The **main** **difference** between **Numpy** **matrices** and **Numpy** **arrays** is that **Numpy** **matrices** are strictly two-dimensional, while numpy **arrays** (ndarrays) are N-dimensional. Matrix objects are the subclass of the ndarray, so they inherit all the attributes and methods of ndarrays.

The main advantage of numpy matrices is that they provide a convenient notation for matrix multiplication: if x and y are matrices, then **x*y** is their matrix product.

On the other hand, as of Python 3.5, Numpy supports infix matrix multiplication using the **@** operator so that you can achieve the same convenience of the matrix multiplication with ndarrays in Python >= 3.5.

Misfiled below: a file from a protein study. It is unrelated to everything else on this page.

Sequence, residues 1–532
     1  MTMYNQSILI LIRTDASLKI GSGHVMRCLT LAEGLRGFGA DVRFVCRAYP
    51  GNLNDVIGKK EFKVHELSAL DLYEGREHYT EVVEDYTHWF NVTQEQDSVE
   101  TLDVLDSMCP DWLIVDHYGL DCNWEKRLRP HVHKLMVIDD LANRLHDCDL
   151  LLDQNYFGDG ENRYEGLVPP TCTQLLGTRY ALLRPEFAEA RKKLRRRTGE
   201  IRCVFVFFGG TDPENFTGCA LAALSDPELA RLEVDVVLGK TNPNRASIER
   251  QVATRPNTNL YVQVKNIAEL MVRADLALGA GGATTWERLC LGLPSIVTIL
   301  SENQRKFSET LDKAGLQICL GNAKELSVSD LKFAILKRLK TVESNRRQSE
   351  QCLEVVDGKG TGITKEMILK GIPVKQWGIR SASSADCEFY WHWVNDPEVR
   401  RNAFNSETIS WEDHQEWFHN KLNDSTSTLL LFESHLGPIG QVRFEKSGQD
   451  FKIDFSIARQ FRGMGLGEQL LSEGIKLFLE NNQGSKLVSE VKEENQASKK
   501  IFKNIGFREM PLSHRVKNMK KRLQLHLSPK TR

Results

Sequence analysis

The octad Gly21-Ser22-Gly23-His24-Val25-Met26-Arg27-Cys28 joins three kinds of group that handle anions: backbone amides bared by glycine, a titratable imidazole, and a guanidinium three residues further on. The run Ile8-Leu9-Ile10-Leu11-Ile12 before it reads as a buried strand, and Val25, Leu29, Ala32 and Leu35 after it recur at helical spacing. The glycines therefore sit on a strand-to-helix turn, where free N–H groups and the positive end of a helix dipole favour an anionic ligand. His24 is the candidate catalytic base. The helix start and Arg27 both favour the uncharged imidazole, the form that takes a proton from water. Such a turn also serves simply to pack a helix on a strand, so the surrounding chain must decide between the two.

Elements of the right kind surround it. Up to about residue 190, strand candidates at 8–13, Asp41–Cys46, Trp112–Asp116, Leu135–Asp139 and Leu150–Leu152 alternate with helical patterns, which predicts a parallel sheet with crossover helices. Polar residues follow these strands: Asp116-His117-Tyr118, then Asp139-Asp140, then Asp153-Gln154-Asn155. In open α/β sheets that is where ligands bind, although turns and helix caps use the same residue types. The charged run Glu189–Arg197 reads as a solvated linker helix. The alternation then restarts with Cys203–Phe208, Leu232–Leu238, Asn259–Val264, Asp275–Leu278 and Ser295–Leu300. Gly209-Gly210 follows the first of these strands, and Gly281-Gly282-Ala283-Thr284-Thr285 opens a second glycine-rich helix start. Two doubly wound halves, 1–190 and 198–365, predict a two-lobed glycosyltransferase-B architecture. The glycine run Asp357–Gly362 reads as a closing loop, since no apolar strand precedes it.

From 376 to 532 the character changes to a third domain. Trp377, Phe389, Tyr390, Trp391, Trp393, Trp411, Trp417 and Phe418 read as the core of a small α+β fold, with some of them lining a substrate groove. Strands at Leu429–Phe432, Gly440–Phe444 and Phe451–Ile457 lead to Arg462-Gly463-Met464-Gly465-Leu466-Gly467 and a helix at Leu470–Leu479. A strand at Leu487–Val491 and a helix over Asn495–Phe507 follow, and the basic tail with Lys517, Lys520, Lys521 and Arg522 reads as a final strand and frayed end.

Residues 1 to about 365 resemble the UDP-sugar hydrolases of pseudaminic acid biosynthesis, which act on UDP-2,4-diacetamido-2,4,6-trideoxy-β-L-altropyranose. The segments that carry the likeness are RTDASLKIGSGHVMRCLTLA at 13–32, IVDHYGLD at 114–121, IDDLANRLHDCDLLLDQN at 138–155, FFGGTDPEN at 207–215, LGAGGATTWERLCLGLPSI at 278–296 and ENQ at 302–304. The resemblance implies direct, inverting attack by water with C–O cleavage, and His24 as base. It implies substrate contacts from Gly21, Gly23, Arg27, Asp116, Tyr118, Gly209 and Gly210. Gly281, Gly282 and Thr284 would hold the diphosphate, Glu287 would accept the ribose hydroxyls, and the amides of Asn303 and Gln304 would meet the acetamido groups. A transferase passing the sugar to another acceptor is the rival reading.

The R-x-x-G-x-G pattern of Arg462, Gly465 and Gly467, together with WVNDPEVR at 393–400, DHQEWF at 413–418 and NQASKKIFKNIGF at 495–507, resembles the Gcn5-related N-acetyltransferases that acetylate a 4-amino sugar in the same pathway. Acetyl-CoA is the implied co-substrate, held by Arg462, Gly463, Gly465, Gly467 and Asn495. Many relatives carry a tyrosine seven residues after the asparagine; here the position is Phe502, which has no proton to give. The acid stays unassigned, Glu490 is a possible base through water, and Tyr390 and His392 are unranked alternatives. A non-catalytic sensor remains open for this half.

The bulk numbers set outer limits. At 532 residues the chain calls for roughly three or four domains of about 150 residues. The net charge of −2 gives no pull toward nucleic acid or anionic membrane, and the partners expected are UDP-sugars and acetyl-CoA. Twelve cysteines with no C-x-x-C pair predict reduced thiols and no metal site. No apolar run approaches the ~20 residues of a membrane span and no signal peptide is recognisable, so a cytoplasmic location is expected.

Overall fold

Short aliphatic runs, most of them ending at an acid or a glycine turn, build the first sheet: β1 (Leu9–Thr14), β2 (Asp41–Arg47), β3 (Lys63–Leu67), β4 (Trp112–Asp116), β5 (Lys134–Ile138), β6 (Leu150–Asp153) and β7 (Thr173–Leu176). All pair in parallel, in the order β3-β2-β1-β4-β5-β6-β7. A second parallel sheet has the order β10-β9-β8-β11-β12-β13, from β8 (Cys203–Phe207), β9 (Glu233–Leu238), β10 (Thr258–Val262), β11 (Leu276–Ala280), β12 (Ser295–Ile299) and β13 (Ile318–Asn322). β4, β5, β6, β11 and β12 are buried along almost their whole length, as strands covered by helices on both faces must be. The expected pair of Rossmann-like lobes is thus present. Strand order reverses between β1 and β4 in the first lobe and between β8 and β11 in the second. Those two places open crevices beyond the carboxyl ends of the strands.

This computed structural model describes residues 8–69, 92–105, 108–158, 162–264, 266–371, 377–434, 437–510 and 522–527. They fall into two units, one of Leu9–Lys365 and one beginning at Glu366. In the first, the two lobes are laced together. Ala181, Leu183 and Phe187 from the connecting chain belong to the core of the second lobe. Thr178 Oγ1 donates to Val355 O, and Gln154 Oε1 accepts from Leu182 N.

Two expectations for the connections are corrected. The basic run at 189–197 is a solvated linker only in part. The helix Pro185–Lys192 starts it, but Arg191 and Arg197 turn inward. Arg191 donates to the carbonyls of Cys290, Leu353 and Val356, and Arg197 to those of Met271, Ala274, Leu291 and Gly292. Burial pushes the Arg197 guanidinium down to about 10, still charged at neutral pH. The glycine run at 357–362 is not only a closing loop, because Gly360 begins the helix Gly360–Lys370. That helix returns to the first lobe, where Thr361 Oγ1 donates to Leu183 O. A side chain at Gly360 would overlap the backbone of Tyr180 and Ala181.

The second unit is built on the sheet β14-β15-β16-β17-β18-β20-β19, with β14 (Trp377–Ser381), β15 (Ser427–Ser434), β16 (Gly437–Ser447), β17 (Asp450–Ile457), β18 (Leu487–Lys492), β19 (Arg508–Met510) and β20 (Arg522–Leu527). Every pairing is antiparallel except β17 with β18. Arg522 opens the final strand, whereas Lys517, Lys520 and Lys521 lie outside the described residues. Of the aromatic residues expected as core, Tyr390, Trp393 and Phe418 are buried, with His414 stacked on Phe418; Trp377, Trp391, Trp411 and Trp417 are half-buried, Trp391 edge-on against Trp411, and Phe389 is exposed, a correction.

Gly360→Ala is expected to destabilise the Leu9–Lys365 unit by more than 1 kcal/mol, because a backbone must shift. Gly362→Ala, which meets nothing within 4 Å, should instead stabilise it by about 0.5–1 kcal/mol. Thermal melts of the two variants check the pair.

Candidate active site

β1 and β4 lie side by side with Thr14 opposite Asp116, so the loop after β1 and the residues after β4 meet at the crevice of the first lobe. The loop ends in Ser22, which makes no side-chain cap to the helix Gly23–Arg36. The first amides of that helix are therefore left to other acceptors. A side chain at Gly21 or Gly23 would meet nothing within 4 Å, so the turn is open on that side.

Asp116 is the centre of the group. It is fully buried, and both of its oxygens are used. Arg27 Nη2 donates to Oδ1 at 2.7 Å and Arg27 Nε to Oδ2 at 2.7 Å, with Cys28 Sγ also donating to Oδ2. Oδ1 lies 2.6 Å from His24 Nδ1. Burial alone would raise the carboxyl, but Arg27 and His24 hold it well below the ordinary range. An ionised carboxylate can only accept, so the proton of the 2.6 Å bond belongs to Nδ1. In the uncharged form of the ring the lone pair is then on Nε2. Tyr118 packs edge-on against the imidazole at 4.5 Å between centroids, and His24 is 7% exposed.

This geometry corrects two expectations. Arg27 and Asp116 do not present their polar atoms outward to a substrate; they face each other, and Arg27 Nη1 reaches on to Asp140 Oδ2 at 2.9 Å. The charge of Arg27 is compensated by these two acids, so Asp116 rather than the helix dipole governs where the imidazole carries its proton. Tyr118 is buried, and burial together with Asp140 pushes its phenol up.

Both matrix objects and ndarrays have **.T** to return the transpose, but the matrix objects also have **.H** for the conjugate transpose and **I** for the inverse.

In contrast, numpy arrays consistently rule that operations are applied element-wise (except for the new @ operator). Thus, if x and y are numpy arrays, then x*y is the array formed by multiplying the components element-wise.

I hope your doubt about the **Numpy** **array** and **Numpy** **Matrix** will be clear.